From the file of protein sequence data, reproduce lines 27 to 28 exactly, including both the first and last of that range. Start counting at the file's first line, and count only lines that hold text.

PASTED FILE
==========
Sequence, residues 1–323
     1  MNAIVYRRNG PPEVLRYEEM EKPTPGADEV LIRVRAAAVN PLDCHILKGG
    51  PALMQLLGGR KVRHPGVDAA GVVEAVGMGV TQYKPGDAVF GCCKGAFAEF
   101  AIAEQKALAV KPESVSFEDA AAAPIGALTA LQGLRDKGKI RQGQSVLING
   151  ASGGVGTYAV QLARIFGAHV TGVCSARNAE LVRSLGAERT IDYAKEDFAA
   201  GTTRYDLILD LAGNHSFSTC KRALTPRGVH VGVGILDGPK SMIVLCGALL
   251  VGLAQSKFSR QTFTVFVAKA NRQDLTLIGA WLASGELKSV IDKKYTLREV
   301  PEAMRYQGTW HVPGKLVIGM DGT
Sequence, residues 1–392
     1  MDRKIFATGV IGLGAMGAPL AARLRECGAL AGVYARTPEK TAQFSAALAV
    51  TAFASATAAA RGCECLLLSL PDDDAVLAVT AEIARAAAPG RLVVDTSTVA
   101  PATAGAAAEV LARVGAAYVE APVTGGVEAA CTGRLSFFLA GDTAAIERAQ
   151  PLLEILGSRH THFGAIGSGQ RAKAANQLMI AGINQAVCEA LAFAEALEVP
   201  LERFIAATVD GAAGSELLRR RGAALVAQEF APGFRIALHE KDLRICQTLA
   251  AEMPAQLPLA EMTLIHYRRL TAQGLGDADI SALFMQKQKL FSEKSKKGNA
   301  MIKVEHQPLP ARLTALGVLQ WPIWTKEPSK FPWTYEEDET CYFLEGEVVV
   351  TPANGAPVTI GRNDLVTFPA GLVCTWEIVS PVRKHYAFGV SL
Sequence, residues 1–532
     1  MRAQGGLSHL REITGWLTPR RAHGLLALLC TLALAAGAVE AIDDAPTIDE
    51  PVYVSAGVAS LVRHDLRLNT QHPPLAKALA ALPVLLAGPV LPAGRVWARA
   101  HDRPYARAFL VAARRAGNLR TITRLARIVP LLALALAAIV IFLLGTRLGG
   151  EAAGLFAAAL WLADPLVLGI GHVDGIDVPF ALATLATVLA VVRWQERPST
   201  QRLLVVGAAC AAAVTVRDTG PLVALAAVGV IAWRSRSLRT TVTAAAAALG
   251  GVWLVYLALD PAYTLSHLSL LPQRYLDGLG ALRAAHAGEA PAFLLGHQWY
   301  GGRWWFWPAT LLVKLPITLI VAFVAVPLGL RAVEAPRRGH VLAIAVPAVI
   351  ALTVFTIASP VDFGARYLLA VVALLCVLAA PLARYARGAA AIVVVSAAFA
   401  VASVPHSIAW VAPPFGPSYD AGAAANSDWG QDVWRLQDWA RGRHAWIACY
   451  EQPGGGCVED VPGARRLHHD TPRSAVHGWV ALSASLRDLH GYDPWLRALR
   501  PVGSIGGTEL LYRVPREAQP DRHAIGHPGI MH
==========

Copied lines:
   401  VASVPHSIAW VAPPFGPSYD AGAAANSDWG QDVWRLQDWA RGRHAWIACY
   451  EQPGGGCVED VPGARRLHHD TPRSAVHGWV ALSASLRDLH GYDPWLRALR